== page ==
Living a low-impact, eco-friendly life often boils down to simplicity and sheer common sense. Just follow the old proverb “Reduce, Reuse, Recycle,” and you will be a long way towards minimizing your impact on the environment.
But sometimes consuming less and acting with a green heart still leaves much in the “gray area” of wastefulness and pollution. To help make your life at home as green as can be, Kim McKay and Jenny Bonnin compile 100 great eco-tips in True Green Home. Part of the National Geographic True Green series, True Green Home serves as an accessible introduction to the countless areas of your home that can be either eco-friends or eco-foes.
It is also a great “cheat sheet,” as the authors call it, by combining comprehensiveness with brevity and generality.1 That is, you get a lot of quick glimpses into where your home (or apartment) might be wasting resources and some basic steps you can take to reduce your environmental footprint. (Nearly every page has more space devoted to a photo than words.)
Of course, many of these “inspirational ideas” are next to common knowledge now that “green” has become such a large part of popular culture. You know, stuff like: live close to where you work and shop, use breezes and fans instead of air conditioning, switch to compact fluorescent bulbs.
There are more than just environmental truisms in True Green Home, though. McKay and Bonnin, both leaders in the organization Clean Up the World, manage to serve up some really spicy, juicy tidbits in their smorgasbord of good ideas. Here are a few that I found particularly interesting, surprising, or otherwise noteworthy:
- ”More than 70 percent of discarded computers and monitors and more than 80 percent of TVs become e-waste and are dumped in landfills” (91). Good grief!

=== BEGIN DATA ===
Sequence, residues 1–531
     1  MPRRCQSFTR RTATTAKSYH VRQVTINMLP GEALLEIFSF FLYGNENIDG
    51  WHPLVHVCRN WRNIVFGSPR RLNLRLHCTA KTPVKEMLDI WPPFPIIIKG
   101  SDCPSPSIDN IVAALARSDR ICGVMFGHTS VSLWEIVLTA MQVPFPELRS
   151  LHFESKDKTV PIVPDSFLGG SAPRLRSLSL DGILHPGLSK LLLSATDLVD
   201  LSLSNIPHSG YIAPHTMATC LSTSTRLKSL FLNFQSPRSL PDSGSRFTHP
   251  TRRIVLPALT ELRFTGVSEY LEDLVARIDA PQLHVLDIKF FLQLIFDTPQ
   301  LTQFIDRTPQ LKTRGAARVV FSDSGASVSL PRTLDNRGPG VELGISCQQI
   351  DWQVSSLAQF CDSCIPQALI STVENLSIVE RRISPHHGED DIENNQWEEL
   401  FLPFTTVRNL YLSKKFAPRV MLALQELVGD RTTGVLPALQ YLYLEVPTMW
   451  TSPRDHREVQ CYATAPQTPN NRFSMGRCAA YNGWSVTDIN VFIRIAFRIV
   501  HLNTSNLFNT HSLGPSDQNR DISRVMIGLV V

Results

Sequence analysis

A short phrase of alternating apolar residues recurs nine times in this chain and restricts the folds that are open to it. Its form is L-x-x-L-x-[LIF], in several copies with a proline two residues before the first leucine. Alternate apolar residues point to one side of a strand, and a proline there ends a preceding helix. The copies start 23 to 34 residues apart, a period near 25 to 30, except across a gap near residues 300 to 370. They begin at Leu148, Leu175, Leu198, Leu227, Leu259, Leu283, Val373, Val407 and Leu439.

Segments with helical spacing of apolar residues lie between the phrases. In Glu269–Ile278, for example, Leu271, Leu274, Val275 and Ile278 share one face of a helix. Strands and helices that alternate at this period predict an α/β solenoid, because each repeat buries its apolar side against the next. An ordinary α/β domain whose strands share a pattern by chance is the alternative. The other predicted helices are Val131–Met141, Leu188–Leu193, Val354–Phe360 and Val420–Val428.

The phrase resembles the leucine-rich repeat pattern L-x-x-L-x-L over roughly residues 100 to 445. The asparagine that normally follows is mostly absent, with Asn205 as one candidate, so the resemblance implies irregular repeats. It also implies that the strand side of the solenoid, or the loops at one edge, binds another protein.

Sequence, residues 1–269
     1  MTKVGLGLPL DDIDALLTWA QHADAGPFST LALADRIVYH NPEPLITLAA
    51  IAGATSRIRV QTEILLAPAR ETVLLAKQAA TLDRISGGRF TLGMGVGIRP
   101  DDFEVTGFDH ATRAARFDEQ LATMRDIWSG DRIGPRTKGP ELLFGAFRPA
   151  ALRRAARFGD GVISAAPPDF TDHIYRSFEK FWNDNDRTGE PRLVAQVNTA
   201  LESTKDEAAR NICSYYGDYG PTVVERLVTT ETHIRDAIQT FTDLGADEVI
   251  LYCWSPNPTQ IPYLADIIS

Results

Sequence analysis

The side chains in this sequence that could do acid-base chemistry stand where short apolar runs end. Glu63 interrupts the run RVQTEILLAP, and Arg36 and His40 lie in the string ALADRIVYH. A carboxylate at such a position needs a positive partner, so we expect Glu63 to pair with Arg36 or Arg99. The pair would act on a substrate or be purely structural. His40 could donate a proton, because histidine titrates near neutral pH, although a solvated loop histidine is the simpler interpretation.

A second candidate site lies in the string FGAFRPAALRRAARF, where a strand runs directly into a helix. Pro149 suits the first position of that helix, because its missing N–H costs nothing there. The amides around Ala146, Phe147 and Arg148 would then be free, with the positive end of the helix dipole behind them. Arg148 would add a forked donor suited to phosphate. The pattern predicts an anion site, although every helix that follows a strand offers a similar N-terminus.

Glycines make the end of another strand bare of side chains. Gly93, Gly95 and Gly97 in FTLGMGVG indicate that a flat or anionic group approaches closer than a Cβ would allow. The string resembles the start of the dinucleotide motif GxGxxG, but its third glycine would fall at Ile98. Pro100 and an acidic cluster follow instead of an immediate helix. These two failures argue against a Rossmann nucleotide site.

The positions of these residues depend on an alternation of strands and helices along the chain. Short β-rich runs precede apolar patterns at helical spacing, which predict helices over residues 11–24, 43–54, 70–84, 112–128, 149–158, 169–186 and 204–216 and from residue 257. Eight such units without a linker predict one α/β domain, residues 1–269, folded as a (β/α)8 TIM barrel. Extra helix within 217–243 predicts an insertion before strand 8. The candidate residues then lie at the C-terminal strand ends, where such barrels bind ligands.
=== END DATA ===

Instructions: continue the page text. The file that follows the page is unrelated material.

- Houseplants are not only attractive but effective green additions to your home, since they freshen air and remove toxins and pollutants (76).
- Garlic is good for more than repelling vampires: mixed with vegetable oil, water, and liquid soap, it makes an excellent non-toxic insect repellent for your garden (117).
- Radiant heat systems, which heats floors, walls, and ceilings, are much more efficient than convection systems (24).
- Windows are responsible for wasting 25 to 35 percent of energy used for heating and cooling in your home (21).
The authors divide these and the other 100 tips in True Green Home into 10 sections, either by location or topic, and precede each section with a case study. These case studies reveal just some of the people, businesses, and organizations that are putting green living principles into practice on the large scale. And since each includes three tips at the end, True Green Home actually contains more than just 100 eco-ideas.
The final section contains resources, including websites for researching some of the topics and methods described in the book--since, after all, True Green Home is not a how-to manual. It also has a glossary of important terms you will surely come across whenever you try to find greener ways to live.
Unfortunately, though, True Green Home does not contain an index, so finding specific topics and ideas can be a bit tricky. The section headings help a bit here, but an index would make this an even handier reference book for your library.
I also found some of the tips rather redundant. How many times and ways can the authors tell us to use natural cleaning products and take advantage of natural light? It sometimes seems like McKay and Bonnin were pushing for the magic number “100” and “recycled” previous tips to make it there.
On the whole, though True Green Home is a valuable way to explore how you can make your habitat a healthier one for you, your family, and the Earth. A quick, enlightening read, this book will inspire you to look at your life more closely, investigate different methods of green living more deeply, and live your human home life more naturally.
1. Bonnin, Jennny, and Kim McKay. True Green Home: 100 Inspirational Ideas for Creating a Green Environment at Home. True Green Home. Washington, D.C.: National Geographic Society, 2009. 8.